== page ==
Stuart Hall: The formation of a diasporic intellectual

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Stuart Hall has been central to the formation and development of cultural studies as an international discipline. The book this text is extract from, Stuart Hall: Critical Dialogues in Cultural Studies (Routledge, NY 1996) provides a representative selection of Hall's enormously influential writings on cultural studies and its concerns: the relationship with marxism; postmodernism and 'New Times' in cultural and political thought; the development of cultural studies as an international and postcolonial phenomenon and Hall's engagement  with urgent and abiding questions of 'race', ethnicity and identity. 

When I was seventeen, my sister had a major nervous breakdown. She began a relationship with a young student doctor who had come to Jamaica from Barbados. He was middle-class, but black and my parents wouldn't allow it. There was a tremendous family row and she, in effect, retreated from the situation into a breakdown. I was suddenly aware of the contradiction of a colonial culture, of how one lives out the colour-class-colonial dependency experience and how it could destroy you, subjectively.
I'm telling this story because it was very important for my personal development. It broke down for ever, for me, the distinction between the public and the private self. I learned about culture, first, as something which is deeply subjective and personal, and at the same moment, as a structure you live. I could see that all these strange aspirations and identifications which my parents had projected onto us, their children, destroyed my sister. She was the victim, the bearer of the contradictory ambitions of my parents in this colonial situation. From then on, I could never understand why people thought these structural questions were not connected with the psychic -  with emotions and identifications and feelings because, for me, those structures are things you live. I don't just mean they are personal, they are, but they are also institutional, they have real structural properties, they break you, destroy you.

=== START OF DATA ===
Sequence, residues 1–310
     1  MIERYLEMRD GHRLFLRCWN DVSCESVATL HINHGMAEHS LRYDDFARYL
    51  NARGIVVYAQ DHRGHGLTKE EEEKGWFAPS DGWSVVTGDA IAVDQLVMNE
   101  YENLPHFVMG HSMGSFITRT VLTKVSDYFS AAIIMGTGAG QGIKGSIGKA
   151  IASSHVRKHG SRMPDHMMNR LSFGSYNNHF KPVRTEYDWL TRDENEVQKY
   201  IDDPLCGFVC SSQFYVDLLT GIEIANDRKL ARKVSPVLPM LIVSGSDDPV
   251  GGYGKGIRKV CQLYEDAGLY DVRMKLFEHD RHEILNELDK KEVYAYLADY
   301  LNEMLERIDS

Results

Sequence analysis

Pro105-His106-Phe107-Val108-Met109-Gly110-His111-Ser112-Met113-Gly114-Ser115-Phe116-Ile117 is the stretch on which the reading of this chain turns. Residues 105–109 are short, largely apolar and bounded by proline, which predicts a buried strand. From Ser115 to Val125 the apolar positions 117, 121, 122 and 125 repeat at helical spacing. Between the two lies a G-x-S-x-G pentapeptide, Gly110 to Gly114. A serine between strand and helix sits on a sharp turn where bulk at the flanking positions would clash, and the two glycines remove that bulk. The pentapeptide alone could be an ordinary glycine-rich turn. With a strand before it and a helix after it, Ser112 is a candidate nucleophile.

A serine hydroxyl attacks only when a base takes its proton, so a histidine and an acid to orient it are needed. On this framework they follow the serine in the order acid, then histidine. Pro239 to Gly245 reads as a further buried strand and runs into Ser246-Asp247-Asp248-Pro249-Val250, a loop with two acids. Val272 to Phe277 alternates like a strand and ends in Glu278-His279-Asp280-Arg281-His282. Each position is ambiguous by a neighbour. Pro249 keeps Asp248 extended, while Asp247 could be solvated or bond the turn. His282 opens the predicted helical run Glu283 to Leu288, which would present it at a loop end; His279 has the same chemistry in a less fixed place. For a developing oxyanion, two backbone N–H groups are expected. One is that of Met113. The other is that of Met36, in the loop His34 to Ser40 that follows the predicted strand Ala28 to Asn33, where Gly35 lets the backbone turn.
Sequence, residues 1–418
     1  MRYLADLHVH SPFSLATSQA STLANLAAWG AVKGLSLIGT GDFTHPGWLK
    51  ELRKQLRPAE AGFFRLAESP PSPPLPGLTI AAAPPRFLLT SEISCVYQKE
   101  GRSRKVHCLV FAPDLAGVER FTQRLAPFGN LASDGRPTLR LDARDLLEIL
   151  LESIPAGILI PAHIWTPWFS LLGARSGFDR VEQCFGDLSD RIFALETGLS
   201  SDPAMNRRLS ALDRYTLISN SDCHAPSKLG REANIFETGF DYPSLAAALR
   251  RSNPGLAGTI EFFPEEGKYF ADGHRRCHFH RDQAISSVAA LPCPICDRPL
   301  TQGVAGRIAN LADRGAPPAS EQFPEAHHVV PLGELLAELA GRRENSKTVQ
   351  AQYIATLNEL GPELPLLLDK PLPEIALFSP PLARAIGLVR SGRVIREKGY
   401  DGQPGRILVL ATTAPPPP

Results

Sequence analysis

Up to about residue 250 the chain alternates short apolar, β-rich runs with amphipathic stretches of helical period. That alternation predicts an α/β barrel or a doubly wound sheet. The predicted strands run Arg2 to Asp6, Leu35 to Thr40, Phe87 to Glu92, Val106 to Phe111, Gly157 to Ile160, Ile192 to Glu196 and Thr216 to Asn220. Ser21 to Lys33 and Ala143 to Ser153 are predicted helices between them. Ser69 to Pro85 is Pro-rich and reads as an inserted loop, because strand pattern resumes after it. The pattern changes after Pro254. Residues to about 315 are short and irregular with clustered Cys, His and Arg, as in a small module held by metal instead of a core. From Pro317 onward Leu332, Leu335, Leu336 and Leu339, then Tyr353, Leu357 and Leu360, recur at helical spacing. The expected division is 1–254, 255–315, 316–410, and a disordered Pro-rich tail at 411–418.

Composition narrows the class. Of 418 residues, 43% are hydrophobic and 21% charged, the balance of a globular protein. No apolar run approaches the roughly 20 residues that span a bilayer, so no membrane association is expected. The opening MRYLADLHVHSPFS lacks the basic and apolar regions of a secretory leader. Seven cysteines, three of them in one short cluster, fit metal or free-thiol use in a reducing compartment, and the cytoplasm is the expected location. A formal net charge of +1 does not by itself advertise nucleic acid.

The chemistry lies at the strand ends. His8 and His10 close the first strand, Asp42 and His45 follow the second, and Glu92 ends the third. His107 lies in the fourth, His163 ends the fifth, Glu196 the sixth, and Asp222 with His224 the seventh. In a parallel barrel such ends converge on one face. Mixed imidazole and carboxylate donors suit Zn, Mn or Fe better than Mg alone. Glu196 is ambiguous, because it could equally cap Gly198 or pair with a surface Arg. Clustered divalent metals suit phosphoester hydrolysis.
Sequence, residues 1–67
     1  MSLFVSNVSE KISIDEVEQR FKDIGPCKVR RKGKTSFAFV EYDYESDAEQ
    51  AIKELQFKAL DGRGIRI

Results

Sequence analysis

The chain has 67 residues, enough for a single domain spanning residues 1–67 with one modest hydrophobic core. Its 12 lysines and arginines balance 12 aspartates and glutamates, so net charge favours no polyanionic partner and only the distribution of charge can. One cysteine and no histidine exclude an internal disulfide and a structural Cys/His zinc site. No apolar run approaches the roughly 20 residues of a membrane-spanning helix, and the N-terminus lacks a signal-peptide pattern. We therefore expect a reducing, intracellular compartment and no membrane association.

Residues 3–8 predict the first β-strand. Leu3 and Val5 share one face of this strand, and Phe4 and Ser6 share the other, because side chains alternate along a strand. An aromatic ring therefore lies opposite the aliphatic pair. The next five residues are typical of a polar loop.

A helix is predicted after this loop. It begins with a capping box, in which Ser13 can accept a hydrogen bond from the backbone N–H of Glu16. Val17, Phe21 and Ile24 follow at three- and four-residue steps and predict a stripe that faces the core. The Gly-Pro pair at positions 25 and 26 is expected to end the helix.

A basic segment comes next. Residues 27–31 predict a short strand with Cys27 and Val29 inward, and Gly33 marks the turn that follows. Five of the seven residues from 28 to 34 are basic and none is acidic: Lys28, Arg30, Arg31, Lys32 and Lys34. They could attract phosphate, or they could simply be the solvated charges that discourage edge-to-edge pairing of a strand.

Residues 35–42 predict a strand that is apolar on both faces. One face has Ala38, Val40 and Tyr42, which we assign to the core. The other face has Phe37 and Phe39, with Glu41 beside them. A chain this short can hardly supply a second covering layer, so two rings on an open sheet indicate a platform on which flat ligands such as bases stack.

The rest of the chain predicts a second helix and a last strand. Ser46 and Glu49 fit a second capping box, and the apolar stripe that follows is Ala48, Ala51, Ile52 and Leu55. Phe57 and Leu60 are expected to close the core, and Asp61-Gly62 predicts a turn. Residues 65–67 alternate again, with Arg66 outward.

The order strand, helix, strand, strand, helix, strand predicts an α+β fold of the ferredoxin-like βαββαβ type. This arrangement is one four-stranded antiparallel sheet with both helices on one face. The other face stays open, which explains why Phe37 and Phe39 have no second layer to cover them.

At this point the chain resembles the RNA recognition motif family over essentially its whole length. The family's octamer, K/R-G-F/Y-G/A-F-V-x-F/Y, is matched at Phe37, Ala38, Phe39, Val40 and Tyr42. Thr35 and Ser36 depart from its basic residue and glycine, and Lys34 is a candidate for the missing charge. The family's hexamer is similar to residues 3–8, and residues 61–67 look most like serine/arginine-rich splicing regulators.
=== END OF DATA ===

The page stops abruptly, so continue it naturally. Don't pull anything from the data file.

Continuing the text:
It was a very traumatic experience, because there was little or no psychiatric help available in Jamaica, at that time. My sister went through a series of ECT treatments given by a GP, from which she's never properly recovered. She never left home after that. She looked after my father until he died. Then she looked after my mother until she died. She took care of my brother who became blind, until he died. That's a complete tragedy, which I lived through with her, and I decided I couldn't take it: I couldn't help her, I couldn't reach her, although I understood what was wrong. I was seventeen, eighteen.
But it crystallized my feelings about the space I was called into by my family. I was not going to be destroyed by it. I had to get out. I felt that I must never put myself back into it, because I would be destroyed. When I look at the snapshots of myself in childhood and early adolescence, I see a picture of a depressed person. I don't know how to be somebody else. And I am depressed by that. All of that is the background to explain why I eventually migrated.


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